“Kiss me, and you will see how important I am.” ― Sylvia Plath.
Such a strange thing to do if you think about it: Putting your face up against another’s and entwining your mouth and tongue with theirs. Yet it is exhilarating and definitely one of life’s highlights for me.
“Smooching”, “tonsil-hockey”, “macking”, “lip-gripping”, “go-sunana”, “ncabuza”, “snogging”, “osculating”, “French kissing”, “making out”, whatever you call it, people are doing it. The science of “sucking face” is known as philematology. When we kiss we are literally tasting one another and figuratively “test-driving” each other.
A deep kiss is a complex olfactory exchange of chemicals, hormones and proteins and a way for us to gauge how virile, or even what state of health our potential partners may be in. That’s because mucous membranes inside the mouth are permeable to hormones such as testosterone, which our clever bodies can detect.
Subconsciously we build a profile on the person that we are kissing as we analyse the chemicals in their mouth in our own oral laboratory.
The first kiss is somewhat of a mystery. Kissing might have originated when mothers orally passed chewed food to their babies during weaning, or it may have evolved from our ancestors seeking out prospective mates sniffing one another’s pheromones for biological compatibility.
Scholars are not sure if kissing is a learned or instinctual behaviour because it is a relatively new pastime in man’s social development and because there are certain African and Asian cultures that did not practise kissing at all.
In nature it is only the Bonobos, the most intelligent primate, which kisses with the tongue as we do. Kissing is often regarded as harmless and the safest thing to do on a debauched night out. But – like chocolate – too much of a good thing may not be beneficial.
Not a fan of going to gym? If I were to grab and kiss you passionately right now, it would be a good work out. We would be using all 34 muscles in the face, most particularly the orbicularis oris, (which Wikipedia describes as “the sphincter muscle around the mouth”) and we’d be burning two calories per minute. The bad news is that we’d also be exchanging between 10 million and 1 billion bacteria.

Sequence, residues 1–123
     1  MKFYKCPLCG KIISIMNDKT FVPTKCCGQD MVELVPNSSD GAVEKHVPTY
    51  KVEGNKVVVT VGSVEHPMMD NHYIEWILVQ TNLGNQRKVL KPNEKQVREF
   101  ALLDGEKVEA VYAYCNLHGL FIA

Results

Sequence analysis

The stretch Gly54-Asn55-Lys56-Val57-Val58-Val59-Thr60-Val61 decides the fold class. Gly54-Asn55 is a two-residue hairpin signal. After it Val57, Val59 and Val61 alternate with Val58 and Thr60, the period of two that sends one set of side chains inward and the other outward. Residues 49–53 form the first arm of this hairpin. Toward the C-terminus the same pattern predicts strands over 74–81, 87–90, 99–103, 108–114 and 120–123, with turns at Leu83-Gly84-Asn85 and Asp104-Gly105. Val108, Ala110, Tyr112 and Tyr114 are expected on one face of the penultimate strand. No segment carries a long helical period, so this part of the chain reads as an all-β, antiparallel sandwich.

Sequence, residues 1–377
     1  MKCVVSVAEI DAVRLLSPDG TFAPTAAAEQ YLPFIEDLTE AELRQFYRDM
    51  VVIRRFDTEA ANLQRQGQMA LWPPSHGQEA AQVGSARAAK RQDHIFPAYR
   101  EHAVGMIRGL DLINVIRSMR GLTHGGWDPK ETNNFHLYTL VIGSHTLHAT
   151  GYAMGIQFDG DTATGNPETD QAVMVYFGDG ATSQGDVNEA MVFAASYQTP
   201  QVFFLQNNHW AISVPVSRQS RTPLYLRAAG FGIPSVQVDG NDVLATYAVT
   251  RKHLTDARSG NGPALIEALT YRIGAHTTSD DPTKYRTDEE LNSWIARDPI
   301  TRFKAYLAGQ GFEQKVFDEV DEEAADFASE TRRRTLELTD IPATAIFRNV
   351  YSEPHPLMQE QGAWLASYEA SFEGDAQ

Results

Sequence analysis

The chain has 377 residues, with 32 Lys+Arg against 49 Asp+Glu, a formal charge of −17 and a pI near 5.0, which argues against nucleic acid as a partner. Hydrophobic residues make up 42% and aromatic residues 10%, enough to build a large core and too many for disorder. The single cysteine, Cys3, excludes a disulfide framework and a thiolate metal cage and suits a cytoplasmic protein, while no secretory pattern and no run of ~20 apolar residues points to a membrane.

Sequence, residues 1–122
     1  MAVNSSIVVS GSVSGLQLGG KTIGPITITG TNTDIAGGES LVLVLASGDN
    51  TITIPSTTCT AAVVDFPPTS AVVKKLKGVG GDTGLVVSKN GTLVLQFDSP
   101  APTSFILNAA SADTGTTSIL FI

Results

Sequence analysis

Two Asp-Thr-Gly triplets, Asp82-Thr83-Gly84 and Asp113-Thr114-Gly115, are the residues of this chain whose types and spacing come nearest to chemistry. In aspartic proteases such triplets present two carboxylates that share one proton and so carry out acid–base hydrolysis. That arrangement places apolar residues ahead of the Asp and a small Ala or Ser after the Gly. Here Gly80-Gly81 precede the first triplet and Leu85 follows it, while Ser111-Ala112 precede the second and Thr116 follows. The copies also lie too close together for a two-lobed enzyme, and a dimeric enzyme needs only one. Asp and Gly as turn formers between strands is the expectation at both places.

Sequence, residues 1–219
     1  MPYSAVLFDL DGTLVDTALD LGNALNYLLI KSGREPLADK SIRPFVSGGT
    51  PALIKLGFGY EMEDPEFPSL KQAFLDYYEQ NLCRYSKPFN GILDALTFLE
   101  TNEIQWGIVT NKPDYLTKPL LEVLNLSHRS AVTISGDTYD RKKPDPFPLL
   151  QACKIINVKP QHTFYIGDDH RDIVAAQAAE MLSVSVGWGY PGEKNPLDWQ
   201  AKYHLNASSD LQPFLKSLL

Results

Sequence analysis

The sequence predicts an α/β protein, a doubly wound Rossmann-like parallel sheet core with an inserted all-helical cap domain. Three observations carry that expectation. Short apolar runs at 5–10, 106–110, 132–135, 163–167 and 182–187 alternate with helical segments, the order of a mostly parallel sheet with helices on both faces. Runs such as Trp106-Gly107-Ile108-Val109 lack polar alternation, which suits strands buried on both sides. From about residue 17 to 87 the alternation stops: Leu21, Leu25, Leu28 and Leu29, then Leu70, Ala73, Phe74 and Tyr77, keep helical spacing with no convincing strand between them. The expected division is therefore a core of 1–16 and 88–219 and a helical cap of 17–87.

Deep kissing can transmit many germs, including those that cause cold sores, glandular fever and tooth decay and saliva can transmit various diseases, which means that kissing is a small but significant health risk.
Kissing exposes you to the following viruses:
• Colds – also known as upper respiratory tract infections. You could catch the cold from airborne droplets (sneezes) or from direct contact with secretions (fluids and mucus) from the infected person’s nose and throat. Shoving your tongue down a stranger’s throat may eventually hurt your throat!
• Glandular fever – also known as “the kissing disease”, is the common name for a viral infection more formally known as infectious mononucleosis, caused by the Epstein-Barr virus. The virus is spread through saliva. It may not be the glands that you were hoping to swell.
• Herpes – viruses that are considered part of the herpes family include Epstein-Barr, varicella-zoster (causes chickenpox) and herpes simplex (causes cold sores). These are “keepsakes” or “mementos” that you may not have intended on acquiring from a “close” encounter. Herpes simplex virus can be spread through direct contact with the virus when kissing. Herpes is most easily spread to others when the blisters are forming or have erupted. The virus can be ‘shed’ (spread to others) from the site of blisters even once they have healed. Chickenpox is easily spread from person to person by direct contact, droplets or airborne spread. Just something to consider when you “spot” that “hottie” across the dance floor with a sore on his lip.
• Hepatitis B – kissing can transmit this virus, although blood has higher levels of this virus than saliva. Infection can occur when infected blood and saliva come into direct contact with someone else’s bloodstream or mucous membranes. (Mucous membranes line various body cavities including the mouth and nose.)The risk is higher if they have open sores in or around the mouth. This can be a debilitating disease that will not feel “hip” to have so rather be a “tight ass” if your partner doesn’t seem well (although sometimes carriers will not show any symptoms at all).
• Warts – Yes, believe it or not, warts in the mouth can be spread through kissing, especially if there are areas of recent trauma. That prince you want to kiss may be a frog in disguise. Exercise caution!
• It is very difficult to contract HIV from deep kissing another person who is infected, unless both individuals have open wounds in their mouths and/or simultaneous bleeding gums.
But before you vow never to smooch again remember that there are also certain benefits to kissing.
Deep kissing stimulates saliva which is good for combatting tooth decay and it’s also a great way to boost the body’s immunity and encourage resistance. It’s a fantastic way to bond with another human being and often leads to other activities that are even more enjoyable. “Hubba-Hubba!” It also helps with stress relief because it floods the body with endorphins and other feel-good hormones like oxytocin.
Let’s face it, the fact that there are risks involved makes kissing feel just a bit more thrilling and a touch of danger is sexy. Safety first but a good thrill is a close second.
Health4Men is a project of the Anova Health Institute NPC funded by PEPFAR/USAID. The views in this article are those of the authors and not necessarily those of the funders. Health4Men supports sexual health services for MSM (men who have sex with men). For free screening and any information about your sexual health, visit your nearest Health4Men supported clinic. Visit the Health4Men website on www.health4men.co.za, their Facebook page or their mobi site on h4m.mobi.